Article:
Speaker 3: That the James Garner character in the notebook, you know, he was, he was, he was a dad. You didn't see him do a ton of parenting, but I, I love that character because of what he had to sacrifice for his wife. [00:51:30] And there was this, there's a scene in the movie where all of the kids are visiting, visiting their mother. And she goes in and out of kind of knowing who they are and not okay. And he has to explain to them why he is staying in that nursing home with her versus, you know, going on with his life. And to me, that takes a special kind of person. And if, if [00:52:00] you know, I would want my kids to see, to understand. And I, I think they're beginning to, but I think I would want my kids to understand, you know, that their mom is not going to get better and I made a promise to her. And so you have to be able to explain to your kids sometimes that, you know, promises a promise. You don't get to, you don't get to move on just because you don't like the circumstances. You have to stick around [00:52:30] and keep your word. So, yeah.
Speaker 2: Devotion is a word that I'm learning about now, the, this is, this is a question I like to ask when I had my kids, it opened me to like unlocked an emotional part of me that I had never been privy to. Like, I didn't realize how much I could love something or someone do you think your children can love you back as much as you love them? Yeah,
Speaker 3: Yeah, yeah. Yeah. I, I, yeah. It's, it's, you know, it's [00:53:00] w it's, it's hard cause you think about, you know, I have long-term care insurance so that if something happens to me, like my wife, wasn't able to get it because she's had lupus since she was like 15 years old. So, but I have long-term care insurance. And I tell my kids, listen, something happens today. State farm is going to take care of me for the rest of my life. I have a policy that will pay for a hundred years if it needs to. And so, and well, they're like, [00:53:30] well, and so I say to them, don't give up your life because I know, I know that I know at least a couple of them would, would give up their life to come in and try and take care of dad. And so I tell them, I've got this insurance. You don't need to do that. Now. I promise you, there's at least three of them. You know, they're, if, if it comes to that, they're gonna stop doing what they're doing and they're gonna come and take care of dad. [00:54:00] You can't. And, and, and I know from firsthand that you can't do that unless you really, really, really love somebody. Yeah. Because it'll drive you crazy. So,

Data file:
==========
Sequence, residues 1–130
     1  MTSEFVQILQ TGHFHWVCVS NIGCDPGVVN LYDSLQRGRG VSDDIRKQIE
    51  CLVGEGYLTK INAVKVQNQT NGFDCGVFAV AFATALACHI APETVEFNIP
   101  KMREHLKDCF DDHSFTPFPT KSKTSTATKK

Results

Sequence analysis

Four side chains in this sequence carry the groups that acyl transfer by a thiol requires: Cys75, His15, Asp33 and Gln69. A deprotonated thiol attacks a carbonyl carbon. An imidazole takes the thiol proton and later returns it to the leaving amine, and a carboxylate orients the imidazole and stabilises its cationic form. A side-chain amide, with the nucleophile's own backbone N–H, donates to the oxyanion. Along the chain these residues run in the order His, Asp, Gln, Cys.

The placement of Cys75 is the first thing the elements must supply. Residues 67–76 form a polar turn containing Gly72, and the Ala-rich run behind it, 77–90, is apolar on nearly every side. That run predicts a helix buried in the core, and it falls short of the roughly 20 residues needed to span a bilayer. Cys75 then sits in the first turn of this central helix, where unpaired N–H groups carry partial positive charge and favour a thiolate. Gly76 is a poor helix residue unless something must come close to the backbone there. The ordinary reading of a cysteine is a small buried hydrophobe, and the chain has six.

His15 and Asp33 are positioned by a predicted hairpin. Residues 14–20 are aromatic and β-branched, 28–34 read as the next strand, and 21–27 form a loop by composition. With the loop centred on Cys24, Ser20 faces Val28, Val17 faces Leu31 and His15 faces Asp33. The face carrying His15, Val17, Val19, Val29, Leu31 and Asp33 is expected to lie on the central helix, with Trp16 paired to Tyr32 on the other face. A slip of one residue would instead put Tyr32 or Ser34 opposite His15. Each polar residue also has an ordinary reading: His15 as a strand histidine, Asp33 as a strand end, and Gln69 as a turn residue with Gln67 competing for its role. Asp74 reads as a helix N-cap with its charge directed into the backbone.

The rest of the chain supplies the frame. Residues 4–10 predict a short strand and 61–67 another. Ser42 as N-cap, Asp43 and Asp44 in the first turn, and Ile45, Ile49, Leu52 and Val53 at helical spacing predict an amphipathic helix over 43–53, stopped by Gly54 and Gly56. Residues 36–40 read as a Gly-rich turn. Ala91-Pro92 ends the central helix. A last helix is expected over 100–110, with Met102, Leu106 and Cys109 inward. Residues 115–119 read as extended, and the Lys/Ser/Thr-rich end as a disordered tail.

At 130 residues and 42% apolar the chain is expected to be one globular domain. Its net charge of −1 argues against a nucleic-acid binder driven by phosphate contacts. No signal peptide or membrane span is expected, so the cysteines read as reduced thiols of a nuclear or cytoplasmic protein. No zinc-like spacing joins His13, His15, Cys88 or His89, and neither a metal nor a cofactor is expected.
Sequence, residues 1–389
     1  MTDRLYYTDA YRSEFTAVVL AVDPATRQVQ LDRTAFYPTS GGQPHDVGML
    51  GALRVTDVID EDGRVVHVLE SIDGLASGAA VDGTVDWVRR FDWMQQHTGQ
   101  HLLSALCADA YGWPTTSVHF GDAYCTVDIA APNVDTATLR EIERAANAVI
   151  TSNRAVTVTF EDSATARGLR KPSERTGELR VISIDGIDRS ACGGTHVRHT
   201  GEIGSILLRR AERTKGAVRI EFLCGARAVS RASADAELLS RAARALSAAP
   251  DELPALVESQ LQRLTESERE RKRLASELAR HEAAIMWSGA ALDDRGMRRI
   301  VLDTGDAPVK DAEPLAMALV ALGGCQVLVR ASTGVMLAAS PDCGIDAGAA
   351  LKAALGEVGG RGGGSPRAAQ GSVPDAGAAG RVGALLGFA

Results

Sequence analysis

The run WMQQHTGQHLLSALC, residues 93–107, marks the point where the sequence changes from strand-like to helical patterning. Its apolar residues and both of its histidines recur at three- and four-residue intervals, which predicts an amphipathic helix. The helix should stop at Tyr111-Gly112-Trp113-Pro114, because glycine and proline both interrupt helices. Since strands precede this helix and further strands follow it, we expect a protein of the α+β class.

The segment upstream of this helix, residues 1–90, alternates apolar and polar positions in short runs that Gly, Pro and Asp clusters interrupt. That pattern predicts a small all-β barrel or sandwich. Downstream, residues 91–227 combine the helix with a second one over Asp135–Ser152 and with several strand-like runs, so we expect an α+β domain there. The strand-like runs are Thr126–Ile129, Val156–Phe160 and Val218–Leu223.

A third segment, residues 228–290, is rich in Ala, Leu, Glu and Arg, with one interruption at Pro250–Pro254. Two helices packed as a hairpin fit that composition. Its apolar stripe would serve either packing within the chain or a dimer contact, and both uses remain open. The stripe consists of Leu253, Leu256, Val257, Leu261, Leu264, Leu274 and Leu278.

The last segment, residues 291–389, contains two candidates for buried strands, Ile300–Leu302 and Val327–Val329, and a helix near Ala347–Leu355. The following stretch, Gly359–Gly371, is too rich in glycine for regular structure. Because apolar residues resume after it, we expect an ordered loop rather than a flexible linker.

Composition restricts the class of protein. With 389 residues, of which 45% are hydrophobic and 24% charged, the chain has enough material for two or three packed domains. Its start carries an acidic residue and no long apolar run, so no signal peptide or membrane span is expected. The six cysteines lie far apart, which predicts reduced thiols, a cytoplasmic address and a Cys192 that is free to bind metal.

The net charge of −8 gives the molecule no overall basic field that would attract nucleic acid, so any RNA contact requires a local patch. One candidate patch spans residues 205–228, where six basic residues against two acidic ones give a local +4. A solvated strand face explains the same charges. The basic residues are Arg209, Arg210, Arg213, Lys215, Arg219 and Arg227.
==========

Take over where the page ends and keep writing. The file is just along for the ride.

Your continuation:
Speaker 2: All right. Uh, if you're going to write a book about your professional and parenting life, what would be the name of some of the chapters
Speaker 3: First? I'd start with things. My dad taught me. Yeah. I like that. Yeah. And then teach them to drive. [00:54:30] I would have, you know, I'd probably want to put in something about relationships, the capacity to, to, to, to, to not just open up to other people, but the capacity to love other people. And I think the one thing I've always tried to teach my girls is, you know, know your value, love yourself, you know, [00:55:00] have respect for yourself because if you don't, nobody else will, you can't expect other people to respect you if you don't respect yourself. And so I spend a lot of time on that sort of thing and yeah, I don't know. I'd have to really think about that. That's something I'd. Yeah. That's something that I should probably think about that.